PBSC professor and student team up to educate others about the post-secondary challenges of autistic students

Hersh Chaitin, Ph.D. (left) with Erin Slavin

Palm Beach State College professor Hersh Chaitin, Ph.D., and student Erin Slavin are spotlighting the significant barriers that students with autism spectrum disorder face in obtaining a post-secondary education.

Chaitin, along with Dr. Javad Hashemi, associate dean of research at Florida Atlantic University’s College of Engineering and Dr. Jacquie Wood at FAU’s Center for Autism Related Disabilities, recently contributed to a research manuscript that was published in 2023 titled, “Extended Reality: An Evidence-Based Practice Support Tool for ASD Students Transitioning to Post-Secondary Engineering Education.”

The 8-page manuscript, which included 70 citations, was presented at the International Conference on Engineering, Science and Technology last year in Las Vegas.

“Erin was by far the best anatomy and physiology student I’ve ever had, so I offered her an opportunity to participate in scientific writing to support my research. She developed into an exceptional and prolific writer, it will serve her well in her career,” said Chaitin, who also invited her to be a Panther Academic Learning Support leader for his future courses.

Slavin, a tutor at the Boca Raton campus, accepted the invitation and the two began work on the yearlong project.

“This area of study drew my attention because I have always been interested in the success of underdogs,” said Slavin. “The further I dove into it though, I realized, they are not the underdogs, they just see the world a little differently.”

During the project, Slavin researched peer reviewed articles, finding different evidence-based practices previously used with success, and then wrote about the findings citing multiple relevant sources. Her work would serve as a key part of the background of the manuscript.

According to Chaitin and Slavin et. al., certain traits that students with ASD hold make them strong candidates for STEM careers, as they may have aptitudes that make for easier understanding of advanced concepts due to their immense concentration on a subject and tenacity to grasp a concept. Their research found 34.3% of young adults with ASD choose STEM majors versus 22.8% of neurotypical students.

Chaitin is currently working with Richard Hunter, interim director of PBSC’s Center for Student Accessibility, to learn how ASD students are performing and experiencing education at Palm Beach State.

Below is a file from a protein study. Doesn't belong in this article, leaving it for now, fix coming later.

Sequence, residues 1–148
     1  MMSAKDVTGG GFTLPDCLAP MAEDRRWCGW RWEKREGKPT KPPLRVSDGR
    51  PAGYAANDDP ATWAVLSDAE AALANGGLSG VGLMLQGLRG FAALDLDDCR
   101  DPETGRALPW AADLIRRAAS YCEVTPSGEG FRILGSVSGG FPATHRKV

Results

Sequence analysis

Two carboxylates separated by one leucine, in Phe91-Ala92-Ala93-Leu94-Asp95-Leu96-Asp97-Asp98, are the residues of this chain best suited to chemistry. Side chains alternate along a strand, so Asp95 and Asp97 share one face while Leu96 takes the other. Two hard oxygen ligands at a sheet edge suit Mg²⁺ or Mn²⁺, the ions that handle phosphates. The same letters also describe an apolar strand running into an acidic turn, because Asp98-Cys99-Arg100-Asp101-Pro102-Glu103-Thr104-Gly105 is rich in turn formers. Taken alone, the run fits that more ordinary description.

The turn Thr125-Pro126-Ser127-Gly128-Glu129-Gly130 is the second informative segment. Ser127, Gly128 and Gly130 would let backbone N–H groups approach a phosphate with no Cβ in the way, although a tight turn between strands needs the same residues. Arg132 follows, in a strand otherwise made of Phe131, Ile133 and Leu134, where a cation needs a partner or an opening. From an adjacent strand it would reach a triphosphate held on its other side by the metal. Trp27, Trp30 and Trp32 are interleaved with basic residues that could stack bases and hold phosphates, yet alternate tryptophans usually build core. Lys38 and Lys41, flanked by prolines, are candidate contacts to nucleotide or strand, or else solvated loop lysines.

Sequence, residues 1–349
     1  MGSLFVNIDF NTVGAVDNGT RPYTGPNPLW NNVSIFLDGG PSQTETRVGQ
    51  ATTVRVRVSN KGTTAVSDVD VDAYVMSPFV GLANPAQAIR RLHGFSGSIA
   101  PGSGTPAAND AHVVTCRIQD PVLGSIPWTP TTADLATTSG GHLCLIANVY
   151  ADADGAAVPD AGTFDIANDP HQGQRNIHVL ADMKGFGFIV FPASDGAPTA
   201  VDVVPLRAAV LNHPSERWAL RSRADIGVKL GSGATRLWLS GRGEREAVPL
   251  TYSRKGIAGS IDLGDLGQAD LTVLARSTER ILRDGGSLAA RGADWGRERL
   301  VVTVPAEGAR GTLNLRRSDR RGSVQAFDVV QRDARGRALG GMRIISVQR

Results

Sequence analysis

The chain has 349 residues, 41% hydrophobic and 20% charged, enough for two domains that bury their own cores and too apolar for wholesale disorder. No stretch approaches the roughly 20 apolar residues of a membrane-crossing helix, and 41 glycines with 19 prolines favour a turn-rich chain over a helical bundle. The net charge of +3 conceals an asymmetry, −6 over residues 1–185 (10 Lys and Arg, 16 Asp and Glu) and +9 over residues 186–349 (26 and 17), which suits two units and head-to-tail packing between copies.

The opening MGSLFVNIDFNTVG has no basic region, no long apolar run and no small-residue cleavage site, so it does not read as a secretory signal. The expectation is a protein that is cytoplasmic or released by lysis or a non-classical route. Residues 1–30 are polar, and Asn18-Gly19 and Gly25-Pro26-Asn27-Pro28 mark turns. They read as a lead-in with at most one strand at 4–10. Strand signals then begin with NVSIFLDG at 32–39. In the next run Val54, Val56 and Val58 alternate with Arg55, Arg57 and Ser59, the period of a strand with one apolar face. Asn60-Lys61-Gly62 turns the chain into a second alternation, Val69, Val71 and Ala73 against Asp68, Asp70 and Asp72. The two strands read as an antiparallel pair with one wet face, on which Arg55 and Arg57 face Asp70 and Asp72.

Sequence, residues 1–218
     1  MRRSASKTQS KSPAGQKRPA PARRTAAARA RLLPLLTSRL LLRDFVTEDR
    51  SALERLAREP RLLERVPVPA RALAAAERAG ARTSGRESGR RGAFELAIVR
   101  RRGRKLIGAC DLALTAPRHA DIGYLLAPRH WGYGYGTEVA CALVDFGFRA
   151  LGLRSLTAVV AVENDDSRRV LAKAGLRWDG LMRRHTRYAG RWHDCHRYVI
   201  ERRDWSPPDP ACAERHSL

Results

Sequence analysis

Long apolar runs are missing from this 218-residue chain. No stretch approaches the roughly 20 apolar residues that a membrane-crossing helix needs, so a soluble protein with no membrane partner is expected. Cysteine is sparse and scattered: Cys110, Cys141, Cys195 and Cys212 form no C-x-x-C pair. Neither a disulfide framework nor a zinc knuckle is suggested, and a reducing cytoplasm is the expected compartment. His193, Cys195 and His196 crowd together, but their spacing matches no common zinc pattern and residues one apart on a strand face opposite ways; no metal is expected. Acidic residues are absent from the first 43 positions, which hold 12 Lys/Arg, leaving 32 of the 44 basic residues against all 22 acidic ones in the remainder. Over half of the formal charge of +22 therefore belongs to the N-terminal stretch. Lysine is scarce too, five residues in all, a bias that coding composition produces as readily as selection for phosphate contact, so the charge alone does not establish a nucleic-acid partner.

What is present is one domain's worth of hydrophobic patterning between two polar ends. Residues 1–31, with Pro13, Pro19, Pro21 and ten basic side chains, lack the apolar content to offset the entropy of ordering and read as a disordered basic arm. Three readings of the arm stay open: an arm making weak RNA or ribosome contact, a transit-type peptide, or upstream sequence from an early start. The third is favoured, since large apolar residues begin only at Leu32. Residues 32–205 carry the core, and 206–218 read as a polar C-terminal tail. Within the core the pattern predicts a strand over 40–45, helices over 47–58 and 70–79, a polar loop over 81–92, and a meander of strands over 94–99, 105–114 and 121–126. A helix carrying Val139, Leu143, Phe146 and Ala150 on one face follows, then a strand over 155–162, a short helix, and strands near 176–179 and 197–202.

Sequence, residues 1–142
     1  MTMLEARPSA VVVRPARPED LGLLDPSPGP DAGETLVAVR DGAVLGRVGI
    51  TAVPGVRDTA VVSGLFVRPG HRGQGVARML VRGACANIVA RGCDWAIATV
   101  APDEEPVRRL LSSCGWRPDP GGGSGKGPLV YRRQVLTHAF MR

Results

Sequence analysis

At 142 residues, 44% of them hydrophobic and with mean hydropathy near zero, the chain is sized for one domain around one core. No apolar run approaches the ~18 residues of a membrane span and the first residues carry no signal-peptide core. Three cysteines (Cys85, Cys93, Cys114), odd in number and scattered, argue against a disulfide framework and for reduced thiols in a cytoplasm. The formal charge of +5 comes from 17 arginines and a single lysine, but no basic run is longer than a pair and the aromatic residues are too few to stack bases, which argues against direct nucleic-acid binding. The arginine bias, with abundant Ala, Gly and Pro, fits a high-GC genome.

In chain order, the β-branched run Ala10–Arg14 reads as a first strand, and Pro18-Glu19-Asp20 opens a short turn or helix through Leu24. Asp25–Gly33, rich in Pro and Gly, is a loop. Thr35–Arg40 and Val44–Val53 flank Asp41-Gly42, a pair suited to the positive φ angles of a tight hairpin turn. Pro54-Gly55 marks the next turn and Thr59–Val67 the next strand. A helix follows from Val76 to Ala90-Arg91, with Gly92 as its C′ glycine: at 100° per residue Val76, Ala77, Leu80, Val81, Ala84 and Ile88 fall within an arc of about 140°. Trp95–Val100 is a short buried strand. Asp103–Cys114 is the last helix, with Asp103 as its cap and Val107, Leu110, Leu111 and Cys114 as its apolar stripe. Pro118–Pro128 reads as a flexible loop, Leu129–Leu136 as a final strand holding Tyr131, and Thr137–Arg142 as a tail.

However, many ASD students in college struggle to complete college or secure a job after graduation. Their challenges include learning methods and accommodations, sensory overstimulation, difficulties communicating and anxiety in social settings.

“This paper will hopefully shed more light on what autism looks like in college and allow us here at PBSC to explore ways we can better improve our skills and nonverbal communication to reach these students who have enormous potential to contribute greatly to society,” said Chaitin.

One of the overall research findings says that incorporating technologies such as augmented reality, virtual reality and mixed reality in ASD student curriculum may be a novel tool in not only helping them transition into college life but assist them in developing social and communication skills while increasing their knowledge of these emerging technologies while they are there.

The research also suggests creating extended reality coding clubs and collaborations could serve as valuable opportunities for ASD students to practice social skills in the real world.

The manuscript is also part of PBSC’s application for a National Science Foundation Advanced Technological Education grant.

In the application, PBSC’s Department of Science is proposing to create a program that supports the academic and social development of PBSC’s ASD students using these STEM-related augmented reality modules in partnership with FAU’s College of Engineering and ASD experts and clinicians.

PBSC’s partnership with local engineering industry firms will further support these ASD students who complete the proposed program and graduate from PBSC with their Associate in Science degree.

PBSC finds out if they were awarded the grant in October/November of this year.

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